Multi-million pound plans to overhaul Suffolk street lighting
Multi-million pound plans to overhaul Suffolk’s street lighting with LED lights have been given the nod by county chiefs.
Around 43,000 of the county’s street lights are to be replaced with LEDs – around two thirds of the network – because they are more energy efficient. The programme of work is expected to cost £9.8million.
According to the council, the proposals have been brought forward because energy prices have risen each year between eight per cent and 12 per cent, with the new LED lamps able to shave as much as 60 per cent off the energy bill.
Conservative cabinet member for highways, Andrew Reid, said: “If we can spend less on this [street lighting] we can spend more on fixing potholes and cutting back overgrown vegetation.
“This work was started 10 years ago and it was the intention to continue with that work but other capital constraints have cut into that and money has been allocated elsewhere at different times when there have been pressures.”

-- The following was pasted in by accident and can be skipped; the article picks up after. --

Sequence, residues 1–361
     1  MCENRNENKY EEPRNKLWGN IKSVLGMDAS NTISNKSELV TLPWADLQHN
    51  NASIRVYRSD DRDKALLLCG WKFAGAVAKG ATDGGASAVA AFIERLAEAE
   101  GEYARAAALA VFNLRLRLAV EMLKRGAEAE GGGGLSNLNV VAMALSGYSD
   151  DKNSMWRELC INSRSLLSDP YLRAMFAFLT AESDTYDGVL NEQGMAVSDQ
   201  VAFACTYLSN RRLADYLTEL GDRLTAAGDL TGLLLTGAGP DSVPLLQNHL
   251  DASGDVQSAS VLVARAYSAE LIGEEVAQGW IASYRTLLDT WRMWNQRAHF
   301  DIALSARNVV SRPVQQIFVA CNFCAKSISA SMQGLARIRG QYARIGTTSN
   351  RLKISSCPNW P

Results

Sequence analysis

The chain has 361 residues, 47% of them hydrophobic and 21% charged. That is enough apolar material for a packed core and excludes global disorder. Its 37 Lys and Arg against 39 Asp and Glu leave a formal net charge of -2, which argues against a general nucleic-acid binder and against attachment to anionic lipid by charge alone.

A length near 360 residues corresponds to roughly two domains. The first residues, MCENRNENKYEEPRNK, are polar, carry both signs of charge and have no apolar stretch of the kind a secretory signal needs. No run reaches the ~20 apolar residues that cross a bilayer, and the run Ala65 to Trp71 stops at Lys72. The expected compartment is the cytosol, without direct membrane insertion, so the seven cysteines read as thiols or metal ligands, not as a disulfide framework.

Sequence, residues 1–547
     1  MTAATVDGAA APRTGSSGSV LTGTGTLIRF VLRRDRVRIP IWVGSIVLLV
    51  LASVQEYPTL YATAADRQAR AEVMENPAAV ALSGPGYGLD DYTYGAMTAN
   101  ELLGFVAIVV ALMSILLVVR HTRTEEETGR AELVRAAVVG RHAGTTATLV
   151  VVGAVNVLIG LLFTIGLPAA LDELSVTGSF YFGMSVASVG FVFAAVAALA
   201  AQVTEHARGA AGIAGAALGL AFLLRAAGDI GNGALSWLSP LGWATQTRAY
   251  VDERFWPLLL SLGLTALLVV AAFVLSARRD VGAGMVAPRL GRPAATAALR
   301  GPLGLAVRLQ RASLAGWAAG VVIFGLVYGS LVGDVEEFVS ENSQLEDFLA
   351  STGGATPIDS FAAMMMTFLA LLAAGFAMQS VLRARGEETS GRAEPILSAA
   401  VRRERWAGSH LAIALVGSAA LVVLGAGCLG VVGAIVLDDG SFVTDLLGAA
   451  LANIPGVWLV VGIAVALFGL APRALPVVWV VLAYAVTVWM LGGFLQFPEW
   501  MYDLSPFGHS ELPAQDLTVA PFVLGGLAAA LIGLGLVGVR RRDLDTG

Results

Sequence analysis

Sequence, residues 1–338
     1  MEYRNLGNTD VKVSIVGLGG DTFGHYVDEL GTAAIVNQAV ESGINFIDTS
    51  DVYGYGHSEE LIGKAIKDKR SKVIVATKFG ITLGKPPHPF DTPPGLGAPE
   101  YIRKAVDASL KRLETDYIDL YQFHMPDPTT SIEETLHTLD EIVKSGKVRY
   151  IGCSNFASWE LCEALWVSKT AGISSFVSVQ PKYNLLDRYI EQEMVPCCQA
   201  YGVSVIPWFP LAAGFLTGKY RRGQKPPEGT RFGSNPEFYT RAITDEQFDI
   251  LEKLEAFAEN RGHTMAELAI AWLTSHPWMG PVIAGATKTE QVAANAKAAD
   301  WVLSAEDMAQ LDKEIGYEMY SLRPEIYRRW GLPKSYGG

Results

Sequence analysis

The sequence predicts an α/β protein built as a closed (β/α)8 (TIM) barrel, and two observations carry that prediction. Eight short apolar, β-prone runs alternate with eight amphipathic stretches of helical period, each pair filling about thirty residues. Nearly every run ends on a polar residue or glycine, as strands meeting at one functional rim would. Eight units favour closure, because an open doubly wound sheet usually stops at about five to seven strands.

Work on the conversion is expected to take place until autumn 2022.
It follows previous measures to save costs which involved turning some street lights off at 11.30pm in quieter roads across the county – a measure reported to save around £90,000.
The new LED lights will be brighter than existing street lights, and can be dimmed to help save money.
It also represents a key step in the authority’s work to be more environmentally friendly, having declared a climate emergency last spring.
Council estimates suggest that carbon usage on street lights will be up to 80% less.
Mr Reid confirmed that once the council’s own street lighting stock had been converted, it would help borough, district, town and parish councils convert their lights to LED.
To date, nearly 16,000 street lights run by the county council have been converted to LEDs, with a further 1,430 in the pipeline for this year.
That means there are nearly 43,000 yet to be confirmed, which can be converted under the new £9.8m scheme.
Finance figures published in November revealed an £800,000 overspend on street lighting in the first six months of the year, although Mr Reid confirmed at the time that lighting cutbacks would not be pursued.